Thursday, 25 September 2008

The Karaoke Age

I was discussing music with a colleague the other day, as you do, and our thoughts turned to cycles. No, not those two wheeled things that require far too much energy to operate but as in repeating patterns. And our probably horribly flawed analysis led to a rather disturbing conclusion. This is how it came about.

We started our conversation on the subject of Jazz and how it was the dominant musical force in the 1930s and 1940s but how it began to lose ground in the 1950s so that by 1960 it levelled out to existence as another genre competing for favour with other forms. In the meantime, the roots of Rock ‘n’ Roll had germinated in the mid 1950s and grown to be the dominant force in the 1960s and 1970s. Thinking about the trajectory of each wave allowed us to hypothesize that maybe each dominant genre has a 30 year shelf life after which it just rumbles on as a minority interest. In addition, these 30 year cycles overlap by, let’s say 5 years at each end.

After much debate we came up with the dominant forces (those that were substantially different from the last) as Jazz, Rock and Hip-hop/Rap. In between times there were numerous sub-genres such as Swing, Trad, Beat, Psychedelia, Prog, Punk etc etc but we ignored these and looked at the high level plan. I’m sure there are gaping holes in our thinking here but you don’t get much time at the water cooler so bear with me for the moment as there is a point. So, applying the 30 year rule with 5 year overlaps we have:
1930 – 1960 Jazz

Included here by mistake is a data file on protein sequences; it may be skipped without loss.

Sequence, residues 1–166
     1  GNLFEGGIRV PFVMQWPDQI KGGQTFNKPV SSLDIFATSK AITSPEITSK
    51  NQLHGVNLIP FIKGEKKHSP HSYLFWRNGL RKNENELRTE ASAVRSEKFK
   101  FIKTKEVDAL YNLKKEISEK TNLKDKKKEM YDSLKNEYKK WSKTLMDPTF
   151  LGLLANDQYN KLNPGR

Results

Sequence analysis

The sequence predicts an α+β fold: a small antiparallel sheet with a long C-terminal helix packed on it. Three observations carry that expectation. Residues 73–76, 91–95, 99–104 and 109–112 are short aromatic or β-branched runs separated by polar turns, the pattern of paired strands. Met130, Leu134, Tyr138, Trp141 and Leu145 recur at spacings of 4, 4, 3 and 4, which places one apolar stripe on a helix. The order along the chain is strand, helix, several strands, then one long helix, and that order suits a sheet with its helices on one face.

1955 – 1985 Rock
1980 – 2010 Rap/Hip-hop
2005 -?

And this is where the problem arises. According to our shaky predictions, Rap is on its last legs and a new genre should‘ve taken root in about 2005. But what is it? Has anybody noticed an earth-shatteringly unique form of music rise through the ranks? No, me neither and this is the worrying point. Has popular music finally run out of steam? Is there nothing left to do? Whilst our predictions may be completely awry, there does lurk a genuine question about where music goes next. Dad-rock can’t just stumble on forever – even Mick Jagger will be forced to retire eventually.

The only recent trend that has become noticeable is the rise of ‘talent show’ stars that are spawned by television’s ‘Pop Idol’ and others and then assault the music world. Examples would be Will Young, Hear’say, Liberty X, Girls Aloud, G4, Leona Lewis in the UK as well as Kelly Clarkson and so on in the US and a whole host of others worldwide. Clearly this is not actually a new type of music, but more a new type of artist recycling old songs. And if this is all music has to offer in the future, it’s very very depressing.

Surely the next 30 year cycle cannot be the ‘Karaoke Age’?


Jennifer K said...

Brace yourself, Music Obsessive. It just might be.

Oh, and here in America, American Idol contestants aren't the only ones trying to get music careers. So are a lot of other reality "stars" like Heidi from the show "The Hills."

I'm scared.

musicobsessive said...

Thanks Jen - you've really cheered me up!:)

Actually it is probably worse than I first surmised. Bear in mind that the likes of Kylie and Nat Imbruglia were spawned by 'Neighbours' and that we have already suffered a whole host of other soap stars warbling this and that. It's been rumbling on for years but only recently has the beast raised its head above water.
God help us all!

btw very cute pic on your myspace page!